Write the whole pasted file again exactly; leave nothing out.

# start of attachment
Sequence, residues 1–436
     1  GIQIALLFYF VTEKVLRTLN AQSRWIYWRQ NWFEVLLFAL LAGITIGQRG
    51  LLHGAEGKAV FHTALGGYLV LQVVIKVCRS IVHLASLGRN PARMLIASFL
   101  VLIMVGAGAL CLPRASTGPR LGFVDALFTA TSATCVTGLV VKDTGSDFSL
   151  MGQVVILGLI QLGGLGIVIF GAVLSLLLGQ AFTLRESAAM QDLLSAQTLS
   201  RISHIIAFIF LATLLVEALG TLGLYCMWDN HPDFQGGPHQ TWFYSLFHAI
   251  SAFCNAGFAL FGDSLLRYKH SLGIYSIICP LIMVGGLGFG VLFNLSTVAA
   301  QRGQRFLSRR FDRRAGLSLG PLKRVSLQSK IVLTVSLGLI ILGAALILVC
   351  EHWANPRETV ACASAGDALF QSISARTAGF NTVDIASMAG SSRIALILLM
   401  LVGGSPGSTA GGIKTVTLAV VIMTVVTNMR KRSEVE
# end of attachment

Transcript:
Sequence, residues 1–436
     1  GIQIALLFYF VTEKVLRTLN AQSRWIYWRQ NWFEVLLFAL LAGITIGQRG
    51  LLHGAEGKAV FHTALGGYLV LQVVIKVCRS IVHLASLGRN PARMLIASFL
   101  VLIMVGAGAL CLPRASTGPR LGFVDALFTA TSATCVTGLV VKDTGSDFSL
   151  MGQVVILGLI QLGGLGIVIF GAVLSLLLGQ AFTLRESAAM QDLLSAQTLS
   201  RISHIIAFIF LATLLVEALG TLGLYCMWDN HPDFQGGPHQ TWFYSLFHAI
   251  SAFCNAGFAL FGDSLLRYKH SLGIYSIICP LIMVGGLGFG VLFNLSTVAA
   301  QRGQRFLSRR FDRRAGLSLG PLKRVSLQSK IVLTVSLGLI ILGAALILVC
   351  EHWANPRETV ACASAGDALF QSISARTAGF NTVDIASMAG SSRIALILLM
   401  LVGGSPGSTA GGIKTVTLAV VIMTVVTNMR KRSEVE